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PCC Dame Vera Baird welcomes ‘long overdue’ compulsory sex education in schools

1st March 2017

Northumbria Police and Crime Commissioner, Vera Baird QC, has welcomed ‘long-overdue’ plans for sex education and relationships education (SRE) to be made compulsory in all schools.

Ms Baird has campaigned on the matter for years, along with many others, calling on the government to make age-appropriate SRE compulsory in order to help tackle child sexual exploitation (CSE) by educating young people on the illegality of abuse and instilling them with the confidence to report it.

Recently, the government commissioned the Women and Equalities Committee to conduct a review of Sexual Harassment & Sexual Violence in Schools and the guidance and statutory measures currently in place to tackle it. This review found that almost a third of girls aged 16-18 said that they had been groped at school. Three fifths of young women had experienced some form of sexual harassment. Following this, the committee called on the government to make SRE compulsory in schools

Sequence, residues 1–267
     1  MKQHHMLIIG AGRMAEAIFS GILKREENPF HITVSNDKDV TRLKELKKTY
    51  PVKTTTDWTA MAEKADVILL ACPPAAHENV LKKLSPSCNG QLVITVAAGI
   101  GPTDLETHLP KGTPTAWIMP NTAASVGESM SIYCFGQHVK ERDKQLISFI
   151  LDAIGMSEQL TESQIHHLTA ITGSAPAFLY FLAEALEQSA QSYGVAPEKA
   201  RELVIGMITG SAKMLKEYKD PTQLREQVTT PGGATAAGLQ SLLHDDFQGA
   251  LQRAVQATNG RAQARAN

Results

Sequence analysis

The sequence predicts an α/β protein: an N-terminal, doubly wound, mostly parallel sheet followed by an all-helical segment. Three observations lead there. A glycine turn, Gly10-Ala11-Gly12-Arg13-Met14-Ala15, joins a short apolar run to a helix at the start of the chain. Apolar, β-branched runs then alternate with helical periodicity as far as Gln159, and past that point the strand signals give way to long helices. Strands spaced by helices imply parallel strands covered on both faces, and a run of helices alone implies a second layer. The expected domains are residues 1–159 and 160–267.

The Education Secretary has today announcement that the issue will now be a priority for the education department.

Ms Baird, who is also Chair of the Association of Police and Crime Commissioners, said: “For a long time I have said that SRE is vital for the safety and well-being of every child in the country. The government had been missing an obvious opportunity to protect children for a long time and I am delighted they have now rectified this”.

“The government now needs to ensure that sex education and relationships education are well implemented, everywhere, and cover the full spectrum of issues including consent, sexual health and the difference between acceptable and abusive behaviour.

“Unfortunately sexting and sexual bullying have been on the rise for some time now and we need clear messages for young people – what is acceptable and what is not. This is about helping them make informed choices and learning to respect themselves as well as others. Educating young people about these issues will no longer be left to chance but will become a firm part of the school curriculum”